Glass Half Full Productions are extremely excited to announce that we will be co-producing the European debut of The Wider Earth, alongside Trish Wadley Productions and the Dead Puppet Society, in a ground-breaking move for UK theatre.
The Wider Earth by David Morton is an award-winning drama about the early life of Charles Darwin his historic voyage aboard the survey ship HMS Beagle.
In a ground-breaking move for UK theatre, the European premiere of the production will be staged at the Natural History Museum, in a new purpose built performance space in the Jerwood Gallery. This will be the first time ever a theatre has been constructed in the museum – one of the world’s most iconic buildings.
THE WIDER EARTH
Following sold-out seasons in Brisbane and the Sydney Opera House, The Wider Earth finds the perfect home at the proud custodian of Charles Darwin’s legacy, the Natural History Museum.
Written by Dead Puppet Society Artistic Director David Morton, it’s a coming-of-age story about science and faith, and how one ‘gentleman naturalist’ set out to ask a question of Mother Nature, and found the answer to everything.
With an array of astonishing puppets breathing life into creatures great and small – from the tiniest longhorn beetle to the majestic southern right whale and the ancient Galapagos Tortoise – The Wider Earth recounts the tales of scientific visionary Charles Darwin’s 5 year voyage on the HMS Beagle.
Audiences are taken on a magical journey with the curious naturalist, from the dizzying heights of the Andes to the depths of the Amazon rainforest, through the storms of Tierra del Fuego, to the endless wonders of the Galapagos Islands. We follow Darwin’s expedition as uncharted landscapes unfold in a series of dazzling animations and original illustrations from the Voyage.
The idea for The Wider Earth was conceived during a residency in Cape Town in 2013 with the Handspring Puppet Company – the creative team behind War Horse. The production was then developed for a further eight months in residence at St. Ann’s Warehouse in New York, followed by a workshop at The Lincoln Center in 2015.
“No praise could be too high for The Wider Earth… Fighting back tears at the end, one comes away from this enormously impressive reimagining of the Charles Darwin story moved not just by the magnitude of the theatrical stakes but by the sincerity, humility and, best of all, clarity of the storytelling” (The Australian).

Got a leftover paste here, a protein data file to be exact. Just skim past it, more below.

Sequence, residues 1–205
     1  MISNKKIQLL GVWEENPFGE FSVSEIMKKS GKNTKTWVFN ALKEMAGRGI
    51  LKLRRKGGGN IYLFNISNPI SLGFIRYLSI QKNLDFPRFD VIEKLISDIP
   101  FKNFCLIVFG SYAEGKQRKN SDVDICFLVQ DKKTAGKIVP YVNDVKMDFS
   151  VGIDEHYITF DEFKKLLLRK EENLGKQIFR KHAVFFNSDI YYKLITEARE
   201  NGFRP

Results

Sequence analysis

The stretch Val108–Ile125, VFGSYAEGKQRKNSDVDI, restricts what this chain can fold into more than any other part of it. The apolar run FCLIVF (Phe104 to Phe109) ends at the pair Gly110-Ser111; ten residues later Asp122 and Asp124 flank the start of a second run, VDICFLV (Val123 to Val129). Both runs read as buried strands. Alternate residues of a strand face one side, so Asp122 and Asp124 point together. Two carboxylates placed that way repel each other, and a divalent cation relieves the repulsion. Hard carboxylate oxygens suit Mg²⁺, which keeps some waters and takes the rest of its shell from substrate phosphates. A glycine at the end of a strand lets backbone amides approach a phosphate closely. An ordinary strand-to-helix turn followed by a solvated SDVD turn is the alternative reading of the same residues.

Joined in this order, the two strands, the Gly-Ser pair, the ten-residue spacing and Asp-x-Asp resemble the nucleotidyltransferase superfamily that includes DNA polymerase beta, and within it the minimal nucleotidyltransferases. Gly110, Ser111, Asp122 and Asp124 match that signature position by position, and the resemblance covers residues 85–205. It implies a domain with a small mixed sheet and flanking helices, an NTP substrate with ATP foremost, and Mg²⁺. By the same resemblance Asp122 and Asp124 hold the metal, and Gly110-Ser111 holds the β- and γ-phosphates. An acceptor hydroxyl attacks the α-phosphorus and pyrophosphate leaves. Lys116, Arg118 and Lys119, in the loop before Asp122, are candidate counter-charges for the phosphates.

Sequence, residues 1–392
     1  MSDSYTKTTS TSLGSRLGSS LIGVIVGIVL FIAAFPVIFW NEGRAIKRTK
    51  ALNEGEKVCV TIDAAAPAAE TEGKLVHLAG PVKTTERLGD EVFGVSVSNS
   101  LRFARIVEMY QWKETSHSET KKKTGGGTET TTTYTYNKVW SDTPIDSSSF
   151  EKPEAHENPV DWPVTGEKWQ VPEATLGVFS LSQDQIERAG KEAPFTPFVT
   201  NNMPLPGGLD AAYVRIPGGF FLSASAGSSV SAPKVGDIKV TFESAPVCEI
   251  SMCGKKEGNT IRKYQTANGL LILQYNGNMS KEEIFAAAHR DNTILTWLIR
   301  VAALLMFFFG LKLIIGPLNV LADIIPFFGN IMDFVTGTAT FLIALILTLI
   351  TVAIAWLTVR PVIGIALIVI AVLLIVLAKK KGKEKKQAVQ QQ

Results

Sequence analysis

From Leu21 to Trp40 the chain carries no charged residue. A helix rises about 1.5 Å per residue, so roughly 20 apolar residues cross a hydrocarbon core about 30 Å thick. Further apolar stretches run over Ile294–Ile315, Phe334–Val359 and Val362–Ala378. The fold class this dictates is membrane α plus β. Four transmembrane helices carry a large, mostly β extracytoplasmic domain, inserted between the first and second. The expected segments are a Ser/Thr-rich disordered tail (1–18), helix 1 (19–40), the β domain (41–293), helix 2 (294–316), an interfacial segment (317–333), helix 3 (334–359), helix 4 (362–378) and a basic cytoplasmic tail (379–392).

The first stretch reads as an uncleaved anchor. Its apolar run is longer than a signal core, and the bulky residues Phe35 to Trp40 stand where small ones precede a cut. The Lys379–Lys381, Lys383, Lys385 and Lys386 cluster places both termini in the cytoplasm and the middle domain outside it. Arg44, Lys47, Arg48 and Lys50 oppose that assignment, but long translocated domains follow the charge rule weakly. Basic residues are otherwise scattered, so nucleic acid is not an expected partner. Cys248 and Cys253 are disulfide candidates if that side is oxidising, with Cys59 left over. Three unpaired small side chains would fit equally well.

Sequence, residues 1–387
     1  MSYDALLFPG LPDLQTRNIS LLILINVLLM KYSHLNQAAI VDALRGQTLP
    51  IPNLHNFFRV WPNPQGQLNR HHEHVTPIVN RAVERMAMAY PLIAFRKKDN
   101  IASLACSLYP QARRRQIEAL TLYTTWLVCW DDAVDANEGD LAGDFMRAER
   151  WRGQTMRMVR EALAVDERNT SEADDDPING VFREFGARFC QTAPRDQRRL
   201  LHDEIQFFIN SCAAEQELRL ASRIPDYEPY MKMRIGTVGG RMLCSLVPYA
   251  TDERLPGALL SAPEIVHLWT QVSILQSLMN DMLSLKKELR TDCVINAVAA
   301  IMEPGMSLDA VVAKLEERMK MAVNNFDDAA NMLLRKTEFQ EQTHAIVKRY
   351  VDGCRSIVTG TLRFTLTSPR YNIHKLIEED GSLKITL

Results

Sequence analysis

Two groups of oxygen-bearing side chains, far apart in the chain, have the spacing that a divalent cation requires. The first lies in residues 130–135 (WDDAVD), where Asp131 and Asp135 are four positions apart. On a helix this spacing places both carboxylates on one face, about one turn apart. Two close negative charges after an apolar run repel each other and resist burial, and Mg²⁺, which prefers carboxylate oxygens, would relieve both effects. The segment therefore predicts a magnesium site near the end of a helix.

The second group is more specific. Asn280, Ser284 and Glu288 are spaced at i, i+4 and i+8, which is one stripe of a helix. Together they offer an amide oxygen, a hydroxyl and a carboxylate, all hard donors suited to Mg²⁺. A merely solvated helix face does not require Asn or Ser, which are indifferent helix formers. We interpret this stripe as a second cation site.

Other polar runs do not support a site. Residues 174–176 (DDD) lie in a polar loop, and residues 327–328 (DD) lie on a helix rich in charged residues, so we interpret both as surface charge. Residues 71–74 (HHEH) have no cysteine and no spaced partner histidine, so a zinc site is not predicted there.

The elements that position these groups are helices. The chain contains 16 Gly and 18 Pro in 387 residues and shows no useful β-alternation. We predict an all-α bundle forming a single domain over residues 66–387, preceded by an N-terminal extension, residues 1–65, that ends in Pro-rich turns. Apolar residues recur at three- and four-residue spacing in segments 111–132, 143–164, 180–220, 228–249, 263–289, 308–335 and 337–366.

“A brilliant, groundbreaking production…a sharp, funny, and honest script” (The Spectator).
“The voyage of the Beagle has been by far the most important event in my life and has determined my whole career”
Charles Robert Darwin (1809-1882) was an English naturalist and geologist, widely recognised for his groundbreaking contribution to evolution theory.
In 1831, aged just 22, Darwin was recommended for a spot aboard the HMS Beagle, a ship commanded by Captain Robert Fitzroy. During the extended five year voyage, Darwin wrote copious notes and collected a variety of natural specimens, including birds, plants and fossils and returned to England in 1836 as a luminary in scientific circles.
It was not until many years later that his radical theories around natural selection were published in On The Origin of Species in 1859.
NATURAL HISTORY MUSEUM
The Natural History Museum is a world leading scientific research centre and one of the UK’s most popular visitor attractions, with more than five million people enjoying its galleries, exhibitions, events and education programmes every year.
Behind-the-scenes more than 350 scientists and students are using the Museum Collection for research into some of the biggest challenges facing our species with some of this work taking place in the new Darwin Centre, the Museum’s life sciences complex.
Darwin’s specimens are of huge importance to the Museum collection, including nearly 700 bird skins collected on the Voyage of HMS Beagle and a rare first edition of On the Origin of Species, one of the most important works of scientific literature ever written.
Tickets and further information on the Natural History Museum production are available here.